Organizing Gets Fashionable: Zara Workers Beat the Odds

The high turnover in retail makes organizing a huge challenge. But a thousand workers at eight Zara stores in Manhattan beat the odds and unionized. Photo: Retail Action Project

The high turnover in retail makes organizing a huge challenge. But a thousand workers at eight Zara stores in Manhattan beat the odds and unionized.

It’s a first for Zara workers in the U.S. The Spanish-owned fashion outlet had agreed to recognize the union after a majority of workers signed cards, a milestone they reached in July. They’ll be members of Retail Workers (RWDSU) Local 1102.

Their win relied on international solidarity, in the form of an agreement between the retailer’s parent company and a global union.

But equally crucial was the help of a New York City worker center, the Retail Action Project (RAP), that specializes in building workers’ skills, including action on the job.


Retail organizing has drawn national attention with the Fight for 15 movement and Walmart worker strikes. But despite the slogan “$15 and a union,” the goal of widespread unionization seems far off.

Over the past decade RAP has seen workers get pushed even further to the margins. Mid-range stores like the GAP are struggling, while both luxury retailers and low-priced “fast fashion” ones—like Zara, Forever 21, and H&M—are expanding.

In this just-in-time industry, “as soon as you see it on the runway, in a matter of days you see it in the store,” said Stanley L. (he asked that his last name not be included), who works in a Manhattan Zara store. These companies compete on cheap production and quick turnaround of inventory.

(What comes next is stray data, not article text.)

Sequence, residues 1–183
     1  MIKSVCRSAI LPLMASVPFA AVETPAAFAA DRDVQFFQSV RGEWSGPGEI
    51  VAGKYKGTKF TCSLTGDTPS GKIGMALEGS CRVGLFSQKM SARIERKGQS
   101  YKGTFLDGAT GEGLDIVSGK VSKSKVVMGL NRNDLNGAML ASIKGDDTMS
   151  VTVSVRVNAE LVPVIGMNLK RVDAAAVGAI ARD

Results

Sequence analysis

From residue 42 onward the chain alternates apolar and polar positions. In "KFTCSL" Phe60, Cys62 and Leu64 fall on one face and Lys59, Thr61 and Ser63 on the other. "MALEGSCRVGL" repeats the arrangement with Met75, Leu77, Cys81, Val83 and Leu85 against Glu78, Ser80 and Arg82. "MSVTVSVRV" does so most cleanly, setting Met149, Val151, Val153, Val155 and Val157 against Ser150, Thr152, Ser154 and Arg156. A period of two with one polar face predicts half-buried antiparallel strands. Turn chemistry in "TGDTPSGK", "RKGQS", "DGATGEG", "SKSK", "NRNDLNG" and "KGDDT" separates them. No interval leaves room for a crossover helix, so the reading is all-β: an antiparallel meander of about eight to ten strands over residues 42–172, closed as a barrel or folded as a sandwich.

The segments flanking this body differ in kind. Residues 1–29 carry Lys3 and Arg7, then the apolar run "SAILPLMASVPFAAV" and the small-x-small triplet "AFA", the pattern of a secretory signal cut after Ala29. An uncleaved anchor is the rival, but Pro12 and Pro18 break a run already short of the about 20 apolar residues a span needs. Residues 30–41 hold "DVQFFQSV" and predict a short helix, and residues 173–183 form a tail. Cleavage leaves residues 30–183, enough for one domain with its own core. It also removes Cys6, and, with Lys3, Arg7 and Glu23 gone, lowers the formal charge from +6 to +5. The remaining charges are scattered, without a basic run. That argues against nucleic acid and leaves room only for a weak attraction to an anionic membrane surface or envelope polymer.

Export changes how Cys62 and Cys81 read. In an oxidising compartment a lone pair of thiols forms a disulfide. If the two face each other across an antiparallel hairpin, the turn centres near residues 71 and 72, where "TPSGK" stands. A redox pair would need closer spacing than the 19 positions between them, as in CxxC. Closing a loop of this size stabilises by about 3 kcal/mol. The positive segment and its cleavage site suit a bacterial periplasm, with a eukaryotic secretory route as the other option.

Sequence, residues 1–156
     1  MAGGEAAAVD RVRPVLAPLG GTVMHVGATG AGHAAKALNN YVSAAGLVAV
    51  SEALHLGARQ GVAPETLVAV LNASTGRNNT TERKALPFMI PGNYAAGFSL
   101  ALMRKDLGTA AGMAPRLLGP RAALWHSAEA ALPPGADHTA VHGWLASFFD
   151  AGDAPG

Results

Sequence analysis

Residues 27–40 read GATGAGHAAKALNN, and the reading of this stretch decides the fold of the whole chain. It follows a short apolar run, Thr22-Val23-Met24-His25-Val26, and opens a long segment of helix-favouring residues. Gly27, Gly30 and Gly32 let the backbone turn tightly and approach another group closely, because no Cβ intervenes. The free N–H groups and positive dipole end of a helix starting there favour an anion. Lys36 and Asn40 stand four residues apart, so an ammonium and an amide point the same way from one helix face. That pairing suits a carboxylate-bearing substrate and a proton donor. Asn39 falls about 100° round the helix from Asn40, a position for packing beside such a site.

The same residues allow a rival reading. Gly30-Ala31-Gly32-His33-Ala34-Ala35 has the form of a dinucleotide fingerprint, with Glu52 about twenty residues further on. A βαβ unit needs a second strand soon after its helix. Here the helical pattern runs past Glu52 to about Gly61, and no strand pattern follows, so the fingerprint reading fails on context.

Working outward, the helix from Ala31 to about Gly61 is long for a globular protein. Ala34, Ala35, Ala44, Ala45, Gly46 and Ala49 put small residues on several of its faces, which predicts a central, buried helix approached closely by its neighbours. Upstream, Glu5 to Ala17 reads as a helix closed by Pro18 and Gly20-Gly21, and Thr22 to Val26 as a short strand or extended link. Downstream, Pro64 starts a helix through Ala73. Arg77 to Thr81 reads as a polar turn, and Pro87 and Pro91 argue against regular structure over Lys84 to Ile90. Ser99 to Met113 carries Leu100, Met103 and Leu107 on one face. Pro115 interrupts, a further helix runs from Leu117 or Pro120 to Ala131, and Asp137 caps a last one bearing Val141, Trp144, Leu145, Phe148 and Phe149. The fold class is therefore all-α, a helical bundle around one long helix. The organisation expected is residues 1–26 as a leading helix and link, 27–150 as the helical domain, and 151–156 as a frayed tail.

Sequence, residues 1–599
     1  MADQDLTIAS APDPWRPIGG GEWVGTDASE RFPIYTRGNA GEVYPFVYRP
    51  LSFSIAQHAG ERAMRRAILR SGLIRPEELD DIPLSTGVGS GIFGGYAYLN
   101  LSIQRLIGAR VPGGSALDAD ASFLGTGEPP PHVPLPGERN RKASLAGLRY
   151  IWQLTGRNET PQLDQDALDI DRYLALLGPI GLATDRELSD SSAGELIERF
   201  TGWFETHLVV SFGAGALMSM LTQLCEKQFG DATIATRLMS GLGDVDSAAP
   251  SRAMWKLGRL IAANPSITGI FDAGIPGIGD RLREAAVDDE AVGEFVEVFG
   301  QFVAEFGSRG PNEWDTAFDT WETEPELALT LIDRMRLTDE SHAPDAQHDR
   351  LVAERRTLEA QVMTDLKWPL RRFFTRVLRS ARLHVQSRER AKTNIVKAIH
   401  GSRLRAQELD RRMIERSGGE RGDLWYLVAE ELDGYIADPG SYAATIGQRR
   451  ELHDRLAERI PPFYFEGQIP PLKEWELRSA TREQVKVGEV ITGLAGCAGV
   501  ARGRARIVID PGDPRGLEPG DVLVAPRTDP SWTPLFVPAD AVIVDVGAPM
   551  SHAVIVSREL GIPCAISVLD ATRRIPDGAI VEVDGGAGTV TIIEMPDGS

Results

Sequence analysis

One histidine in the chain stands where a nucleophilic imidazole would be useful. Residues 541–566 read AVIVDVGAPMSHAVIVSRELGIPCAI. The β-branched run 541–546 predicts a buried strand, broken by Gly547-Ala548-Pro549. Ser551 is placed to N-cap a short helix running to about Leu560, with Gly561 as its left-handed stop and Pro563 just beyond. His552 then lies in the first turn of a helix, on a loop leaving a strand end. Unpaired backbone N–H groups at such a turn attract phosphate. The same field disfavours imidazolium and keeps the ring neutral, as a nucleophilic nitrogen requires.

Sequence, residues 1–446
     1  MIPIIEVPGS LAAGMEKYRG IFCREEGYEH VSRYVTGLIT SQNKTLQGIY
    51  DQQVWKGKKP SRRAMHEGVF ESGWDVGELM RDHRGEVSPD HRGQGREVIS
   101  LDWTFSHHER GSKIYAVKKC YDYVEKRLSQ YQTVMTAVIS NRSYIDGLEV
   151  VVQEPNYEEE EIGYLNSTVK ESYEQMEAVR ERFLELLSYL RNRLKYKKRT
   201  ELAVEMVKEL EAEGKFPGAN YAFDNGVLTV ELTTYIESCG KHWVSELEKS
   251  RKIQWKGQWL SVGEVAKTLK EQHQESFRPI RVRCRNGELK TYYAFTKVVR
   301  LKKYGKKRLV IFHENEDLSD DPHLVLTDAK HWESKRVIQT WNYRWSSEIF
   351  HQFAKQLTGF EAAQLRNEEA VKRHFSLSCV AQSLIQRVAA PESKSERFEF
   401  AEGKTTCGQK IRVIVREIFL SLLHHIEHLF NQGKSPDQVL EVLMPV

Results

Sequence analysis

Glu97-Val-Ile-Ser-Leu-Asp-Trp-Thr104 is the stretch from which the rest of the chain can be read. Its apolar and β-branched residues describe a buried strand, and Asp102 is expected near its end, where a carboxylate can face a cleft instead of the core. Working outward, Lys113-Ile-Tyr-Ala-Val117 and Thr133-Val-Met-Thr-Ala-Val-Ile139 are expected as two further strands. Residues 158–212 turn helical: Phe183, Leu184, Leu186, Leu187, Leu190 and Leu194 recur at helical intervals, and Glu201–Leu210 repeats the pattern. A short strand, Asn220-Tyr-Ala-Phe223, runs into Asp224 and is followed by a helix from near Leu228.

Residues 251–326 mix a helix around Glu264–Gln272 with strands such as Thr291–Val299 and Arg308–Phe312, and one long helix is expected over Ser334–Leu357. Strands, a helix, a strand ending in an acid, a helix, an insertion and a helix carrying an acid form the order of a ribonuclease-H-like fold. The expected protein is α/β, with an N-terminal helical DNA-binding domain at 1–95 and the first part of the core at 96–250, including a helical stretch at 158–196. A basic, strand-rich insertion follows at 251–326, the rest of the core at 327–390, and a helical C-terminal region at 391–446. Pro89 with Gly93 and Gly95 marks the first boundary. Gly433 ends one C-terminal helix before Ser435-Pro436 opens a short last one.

“We’ve seen an even greater dip in wages,” said RAP Director Rachel Laforest, “and absolutely no training in any kind of customer service. Workers are told the clothes will sell themselves.”

Besides just-in-time scheduling and the growth of part-time hours, violations of wage-and-hour laws are common. Laforest estimates that 75 percent of people who attend RAP programs have experienced wage theft.

The issues are ripe for organizing. But is it possible in an industry with so much turnover? “People are in a job three months, six months,” Laforest said. “How do you organize when critical members of the committee are gone and then working somewhere else?”


RAP, a partnership between RWDSU and a community organization called the Good Old Lower East Side, was formed in 2005 to take on this challenge.

It works with the Center for Frontline Retail, a worker center with a training focus, to offer classes that help retail workers get higher-paying jobs, like training in product display and luxury selling.

RAP organizers also do outreach—talking to workers on their breaks, sometimes asking them to fill out surveys—at what Laforest describes as “retail hotspots”: the Soho and Herald Square corridors in Manhattan, and various malls in Queens and the Bronx.

It runs a 12-week leadership training program where workers map out the global retail industry and their role in it. They also learn to identify workplace issues, recruit others, and organize on the job.

“After 12 weeks, they really get a sense of the weight and power behind them if they step up and decide to take action,” said Laforest.


To start making changes, one tool workers often use is to form a workplace committee—a group of even a few co-workers who agree to address problems together in a coordinated way.

They rely on their right to concerted activity under federal labor law—a right that’s legally protected whether you’re a union member or not. RAP often helps a committee put together a petition to present the issues to their boss in writing.